4. *- Contact info: click on my name (blue-highlight link).

      Comment


        #4
        Should I let to family member? Dangers?!

        Dear All

        I have found this excellent forum by net-searching, as I am in need of the expertise of those who have been LL for way longer than I have (strictly speaking I'm not one yet anyway....)

        I've just bought a second/holiday home. It's unfurnished, and I was intending to put it on the unfurnished lettings market for six months, until the summer, when I'd like it back for myself. I was going to do this via a local agent in the holiday town the property is in. via (I assume!) an AST (I'm learning the jargon slowly!)

        But, a family member and their partner is now looking for accommodation, and the question is - do I let the property to them for six months?

        If I do - I have a swathe of questions and worries.

        Firstly, I take it I need to let it on a formal (AST) tenancy basis (though do AST's apply to holiday homes???)(it's not restricted occupancy by the way - it's just my holiday home, but I could live in it permanently as a 'normal' home if I wanted).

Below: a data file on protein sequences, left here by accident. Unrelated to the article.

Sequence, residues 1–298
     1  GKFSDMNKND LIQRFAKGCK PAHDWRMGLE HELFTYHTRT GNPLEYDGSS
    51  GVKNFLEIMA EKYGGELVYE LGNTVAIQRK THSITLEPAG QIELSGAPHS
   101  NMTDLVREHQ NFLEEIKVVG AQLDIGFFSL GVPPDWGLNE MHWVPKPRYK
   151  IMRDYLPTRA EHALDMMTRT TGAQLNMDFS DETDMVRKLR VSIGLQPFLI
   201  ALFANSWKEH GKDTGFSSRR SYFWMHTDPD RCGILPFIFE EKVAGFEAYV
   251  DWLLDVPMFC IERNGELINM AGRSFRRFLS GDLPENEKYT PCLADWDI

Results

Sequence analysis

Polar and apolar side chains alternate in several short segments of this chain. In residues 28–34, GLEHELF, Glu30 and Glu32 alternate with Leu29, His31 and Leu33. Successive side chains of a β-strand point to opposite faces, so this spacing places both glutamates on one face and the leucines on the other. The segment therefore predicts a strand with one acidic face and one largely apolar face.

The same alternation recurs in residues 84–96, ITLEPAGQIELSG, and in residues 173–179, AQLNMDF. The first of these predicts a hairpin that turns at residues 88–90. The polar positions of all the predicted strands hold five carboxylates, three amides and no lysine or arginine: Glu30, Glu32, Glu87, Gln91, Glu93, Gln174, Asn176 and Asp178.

What I am very nervous about is letting them move in, and then I can't get them out in the summer when I want to stay in it for the holidays.

        What makes me even more nervous is that the partner (ie, my niece's boyfriend), so I understand from my brother, can't rent via a lettings agent as he knows he will not pass the credit checks!!!! I believe he still has outstanding debts, but don't know to whom/what, or how much, or how long ago they are, etc etc etc.

        I don't need to make money (ie, market rate rent) out of the arrangement, (I can afford it for six months or so!) but I do need to ensure the following:

        - they pay the council tax
        - they pay the utilities bills
        - they don't damage the property
        - they are good neighbours (no parties etc!)
        - they don't move his children/other relatives in
        - they vacate by July-ish (I know that depends on the date the AST kicks off?)
        - if my neice decides to leave him, he can't stay on indefinitely, or bring in another woman, etc etc etc.
        - if he decides to leave her, she can't move in another boyfriend, girlfriend, whatever.


        And, in particular, I need to ensure that HIS poor credit status is NOT ATTACHED TO MY PROPERTY!!!!!! That's the thing that's really worrying me at the moment - and it could just be a deal breaker. I do NOT WANT my property to come up in any future 'bad credit' search that anyone undertakes for any reason whatsoever.